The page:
Another thing to keep in mind is that many of the world's online video streaming users belong to Gen Z. Therefore, services should be sure to use social media to their advantage in order to sustain a positive customer relationship. Bigger streaming platforms like Netflix could consider partnering with popular Gen Z social media app TikTok, which has over 689 million users and a past history of collaborating with big name brands. Social media could be a streaming services tool to continued success.

Video and video consumption is changing and 2020 accelerated the consumer behavior and their not looking back.As consumers continue to resume some sort of semblance of a normal life, video streaming will continue to be a part of their day but how much and how many services do they want/need is the question. The video streaming industry stands to grow 21% to reach an estimated $223.98 billion in value by 2028. As such, streaming networks should make the most of their relationships with their advertising and marketing partners to execute on goals and continue to drive consumers to their platforms.

Streaming Covers
Free
for qualified subscribers
Subscribe Now Current Issue Past Issues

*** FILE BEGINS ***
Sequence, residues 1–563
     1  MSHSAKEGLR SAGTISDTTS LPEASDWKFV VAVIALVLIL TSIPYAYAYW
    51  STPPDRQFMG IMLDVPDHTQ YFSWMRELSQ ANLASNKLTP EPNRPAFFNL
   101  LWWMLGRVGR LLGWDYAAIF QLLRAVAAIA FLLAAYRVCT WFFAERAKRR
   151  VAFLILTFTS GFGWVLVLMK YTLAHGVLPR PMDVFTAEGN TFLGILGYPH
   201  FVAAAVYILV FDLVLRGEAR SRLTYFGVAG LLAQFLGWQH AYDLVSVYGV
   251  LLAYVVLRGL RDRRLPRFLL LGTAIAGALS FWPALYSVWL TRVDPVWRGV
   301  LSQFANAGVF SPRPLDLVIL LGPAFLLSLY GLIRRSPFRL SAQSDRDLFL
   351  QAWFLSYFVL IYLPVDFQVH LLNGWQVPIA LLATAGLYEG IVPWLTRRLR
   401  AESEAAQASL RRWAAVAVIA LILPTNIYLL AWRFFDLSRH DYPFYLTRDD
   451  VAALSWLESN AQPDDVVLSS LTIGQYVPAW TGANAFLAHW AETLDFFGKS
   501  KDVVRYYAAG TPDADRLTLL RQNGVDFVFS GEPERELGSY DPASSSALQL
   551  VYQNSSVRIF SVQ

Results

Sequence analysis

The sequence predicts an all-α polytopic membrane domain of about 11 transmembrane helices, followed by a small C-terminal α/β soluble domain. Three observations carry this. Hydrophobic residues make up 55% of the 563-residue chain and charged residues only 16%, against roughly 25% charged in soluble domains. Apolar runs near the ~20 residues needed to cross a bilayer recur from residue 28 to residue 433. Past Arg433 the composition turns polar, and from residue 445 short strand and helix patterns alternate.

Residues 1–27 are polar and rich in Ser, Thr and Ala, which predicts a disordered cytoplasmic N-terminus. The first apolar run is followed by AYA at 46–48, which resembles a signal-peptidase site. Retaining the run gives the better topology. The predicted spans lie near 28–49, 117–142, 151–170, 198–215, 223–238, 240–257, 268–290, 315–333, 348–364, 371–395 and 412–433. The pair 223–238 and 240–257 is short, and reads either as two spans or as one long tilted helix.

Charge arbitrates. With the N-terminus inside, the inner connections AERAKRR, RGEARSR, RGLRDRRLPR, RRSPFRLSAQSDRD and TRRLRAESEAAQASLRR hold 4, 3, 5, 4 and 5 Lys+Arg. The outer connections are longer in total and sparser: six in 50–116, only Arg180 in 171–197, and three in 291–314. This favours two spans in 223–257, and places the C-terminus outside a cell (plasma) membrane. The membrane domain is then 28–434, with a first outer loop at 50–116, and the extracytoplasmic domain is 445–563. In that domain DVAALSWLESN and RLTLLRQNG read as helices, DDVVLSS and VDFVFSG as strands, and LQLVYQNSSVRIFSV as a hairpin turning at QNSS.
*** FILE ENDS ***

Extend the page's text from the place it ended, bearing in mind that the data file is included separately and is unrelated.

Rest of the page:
Related Articles

Pros and Cons of Mixing AVOD and SVOD

Roku's Mike Gamboa and VUDU's Mark Young discuss the pros and cons of OTT services that use hybrid monetization models.

The State of VOD Monetization

Axios Media Reporter Sara Fischer provides the lay of the land for VOD monetization in late 2020 and beyond, including the rise of FAST services and the resurgence of free OTA.

Emerging Trends in AVOD and SVOD Consumption

Strategic Consultant Sherry Brennan forecasts the near future of OTT services and how consumers will use them in this clip from Streaming Media East Connect 2020.

U.S. SVOD Subscriptions on Pace to Pass 300 Million by 2025

Each SVOD household in the country is expected to add one service in the next 5 years, says Digital TV Research

Imminent Privacy Regs Force Brands to Get Serious About Data

The California Consumer Privacy Act will go into effect in a few short months, requiring a whole new approach in how companies collect and transact personal data.